…that noble College, established by the enthusiasm and devotion of a great community" Professor Richard Jebb MP, Vice-Chancellor of the University, at the Opening of Westminster College, 17th October 1899
Westminster is a theological college and a resource centre for learning for the United Reformed Church.
Westminster’s story begins in London in 1844 as the Presbyterian Church in England’s theological college. The college did not move to Cambridge until 1899 when a site was given to the church by Agnes Smith Lewis (1843-1926) and Margaret Dunlop Gibson (1843-1920): twin sisters and biblical scholars of distinction, who spoke 12 different languages and travelled in Europe and the Middle East, who discovered and translated and published Biblical manuscripts and who uncovered the Cairo Genizah with Solomon Schechter - and who were generous benefactors of Westminster College.
In 1967, the College joined together with Cheshunt College, which had been founded at Trevecka, in Wales, in 1768 by Selina, Countess of Huntingdon (1707-1791), to train young men for ministry. The Countess of Huntingdon was drawn to Methodism and was a patron of George Whitefield; and as well as her college, she also founded 64 chapels in the Countess of Huntingdon’s Connexion. After her death in 1791, her college moved to Cheshunt, in Hertfordshire, from where many of the students found pastorates in Independent (and later, Congregational) chapels.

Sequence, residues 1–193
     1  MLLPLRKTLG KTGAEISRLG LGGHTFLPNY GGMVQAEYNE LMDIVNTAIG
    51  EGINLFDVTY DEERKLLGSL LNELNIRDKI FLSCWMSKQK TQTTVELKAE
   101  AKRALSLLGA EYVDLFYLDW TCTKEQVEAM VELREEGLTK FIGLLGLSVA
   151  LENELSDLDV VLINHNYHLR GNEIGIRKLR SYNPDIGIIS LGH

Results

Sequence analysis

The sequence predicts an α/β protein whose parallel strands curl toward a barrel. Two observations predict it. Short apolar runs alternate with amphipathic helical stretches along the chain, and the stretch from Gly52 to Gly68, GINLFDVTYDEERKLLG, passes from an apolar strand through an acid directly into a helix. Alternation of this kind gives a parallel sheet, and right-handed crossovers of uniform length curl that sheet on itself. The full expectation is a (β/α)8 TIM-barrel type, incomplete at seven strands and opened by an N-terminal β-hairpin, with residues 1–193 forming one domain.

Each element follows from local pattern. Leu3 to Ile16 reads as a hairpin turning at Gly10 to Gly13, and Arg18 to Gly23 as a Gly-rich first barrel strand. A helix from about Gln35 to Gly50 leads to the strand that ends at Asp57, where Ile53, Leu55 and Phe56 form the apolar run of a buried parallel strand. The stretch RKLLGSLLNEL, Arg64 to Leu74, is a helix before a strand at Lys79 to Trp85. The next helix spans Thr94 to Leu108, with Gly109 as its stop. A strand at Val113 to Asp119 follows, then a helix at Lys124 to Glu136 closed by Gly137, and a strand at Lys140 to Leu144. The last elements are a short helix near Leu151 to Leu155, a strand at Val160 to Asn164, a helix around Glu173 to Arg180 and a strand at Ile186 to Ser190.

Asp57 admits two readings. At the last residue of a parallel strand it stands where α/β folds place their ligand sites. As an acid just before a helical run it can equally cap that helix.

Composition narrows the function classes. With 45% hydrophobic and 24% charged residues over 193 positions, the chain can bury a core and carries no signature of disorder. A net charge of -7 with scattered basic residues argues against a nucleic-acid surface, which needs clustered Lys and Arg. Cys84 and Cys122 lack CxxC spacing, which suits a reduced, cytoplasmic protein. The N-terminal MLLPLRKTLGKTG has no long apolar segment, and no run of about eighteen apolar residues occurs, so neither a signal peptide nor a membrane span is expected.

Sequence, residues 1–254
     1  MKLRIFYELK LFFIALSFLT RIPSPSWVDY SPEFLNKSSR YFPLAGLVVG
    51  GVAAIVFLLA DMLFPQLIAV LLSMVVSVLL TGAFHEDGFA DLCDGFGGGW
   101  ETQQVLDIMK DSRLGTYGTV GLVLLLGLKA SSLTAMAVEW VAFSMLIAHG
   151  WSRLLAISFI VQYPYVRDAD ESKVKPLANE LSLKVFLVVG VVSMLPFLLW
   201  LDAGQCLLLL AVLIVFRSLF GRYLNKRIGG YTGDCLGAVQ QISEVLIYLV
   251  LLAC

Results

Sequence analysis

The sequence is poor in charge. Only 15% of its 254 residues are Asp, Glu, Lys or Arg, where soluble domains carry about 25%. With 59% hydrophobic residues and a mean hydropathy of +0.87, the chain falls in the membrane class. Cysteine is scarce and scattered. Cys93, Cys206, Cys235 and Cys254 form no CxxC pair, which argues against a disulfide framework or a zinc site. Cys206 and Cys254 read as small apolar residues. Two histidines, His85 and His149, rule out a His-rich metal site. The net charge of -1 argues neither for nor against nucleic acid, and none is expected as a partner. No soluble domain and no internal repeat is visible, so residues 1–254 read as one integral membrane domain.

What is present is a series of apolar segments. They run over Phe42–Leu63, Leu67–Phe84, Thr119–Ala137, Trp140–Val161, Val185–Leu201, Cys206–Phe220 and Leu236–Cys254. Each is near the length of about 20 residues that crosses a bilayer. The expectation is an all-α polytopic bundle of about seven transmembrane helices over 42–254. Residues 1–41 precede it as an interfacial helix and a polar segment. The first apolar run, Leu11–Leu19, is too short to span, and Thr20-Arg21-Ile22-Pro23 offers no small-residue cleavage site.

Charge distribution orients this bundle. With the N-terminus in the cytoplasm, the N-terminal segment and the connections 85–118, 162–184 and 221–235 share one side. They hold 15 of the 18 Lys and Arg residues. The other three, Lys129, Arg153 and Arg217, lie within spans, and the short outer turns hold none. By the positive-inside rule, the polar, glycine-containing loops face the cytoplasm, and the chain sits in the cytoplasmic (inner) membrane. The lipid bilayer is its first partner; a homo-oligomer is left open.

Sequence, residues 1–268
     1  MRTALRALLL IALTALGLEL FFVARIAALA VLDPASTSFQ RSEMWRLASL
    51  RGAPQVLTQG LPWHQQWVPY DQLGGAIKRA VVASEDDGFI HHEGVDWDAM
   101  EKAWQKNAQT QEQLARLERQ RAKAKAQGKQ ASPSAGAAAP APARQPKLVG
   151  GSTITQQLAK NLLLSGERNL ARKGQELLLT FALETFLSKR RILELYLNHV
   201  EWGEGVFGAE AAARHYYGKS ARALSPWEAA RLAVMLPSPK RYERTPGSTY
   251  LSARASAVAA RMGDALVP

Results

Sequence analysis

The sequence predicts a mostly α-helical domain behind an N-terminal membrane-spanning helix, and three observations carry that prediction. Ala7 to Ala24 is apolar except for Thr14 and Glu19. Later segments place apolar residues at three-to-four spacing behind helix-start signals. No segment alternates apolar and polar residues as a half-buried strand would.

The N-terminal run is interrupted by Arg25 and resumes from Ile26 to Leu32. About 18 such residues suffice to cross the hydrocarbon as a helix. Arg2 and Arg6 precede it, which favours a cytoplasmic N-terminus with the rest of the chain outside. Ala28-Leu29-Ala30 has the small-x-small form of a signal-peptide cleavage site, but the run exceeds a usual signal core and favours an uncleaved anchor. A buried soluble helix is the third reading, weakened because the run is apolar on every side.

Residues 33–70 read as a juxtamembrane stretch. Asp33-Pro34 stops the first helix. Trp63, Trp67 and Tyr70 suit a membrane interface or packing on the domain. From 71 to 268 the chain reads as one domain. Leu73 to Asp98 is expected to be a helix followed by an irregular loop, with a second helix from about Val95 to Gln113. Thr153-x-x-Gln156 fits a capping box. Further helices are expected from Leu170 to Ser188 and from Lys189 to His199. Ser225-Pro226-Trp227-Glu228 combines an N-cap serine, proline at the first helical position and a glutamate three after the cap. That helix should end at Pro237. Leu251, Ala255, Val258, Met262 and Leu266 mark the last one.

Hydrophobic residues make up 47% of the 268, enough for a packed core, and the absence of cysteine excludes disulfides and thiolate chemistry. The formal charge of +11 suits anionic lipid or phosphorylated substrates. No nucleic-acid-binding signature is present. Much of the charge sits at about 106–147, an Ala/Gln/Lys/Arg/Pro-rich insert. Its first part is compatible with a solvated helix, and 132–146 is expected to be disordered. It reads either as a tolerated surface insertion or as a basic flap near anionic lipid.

In 1905, Cheshunt College moved to Cambridge; and in 1967, Cheshunt and Westminster united on the Westminster site. This union of the two colleges pre-dated and pre-figured the union of Presbyterian and Congregational churches in England to create the United Reformed Church in 1972, when Westminster became a theological college of the URC. In 2006 the URC’s General Assembly accepted a report on the provision of ministerial training and wider learning across the denomination. This created Resource Centres for Learning, a designation and mission Westminster welcomed, and the remit of the College officially broadened to include provision of training for everyone in the churches, lay as much as ordained.
Westminster College is now home to the archives, rare books, and special collections of Westminster College, including some of Mrs Gibson and Mrs Lewis’s manuscripts and photographs; and those of Cheshunt College, including the correspondence of the Countess of Huntingdon. Westminster also houses the archives of both the Presbyterian Church of England and the Churches of Christ, together with the holdings of the United Reformed Church History Society, on behalf of that Society. For further information about the Archives and Special Collections at Westminster, see https://www.westminster.cam.ac.uk/rcl/research-archives.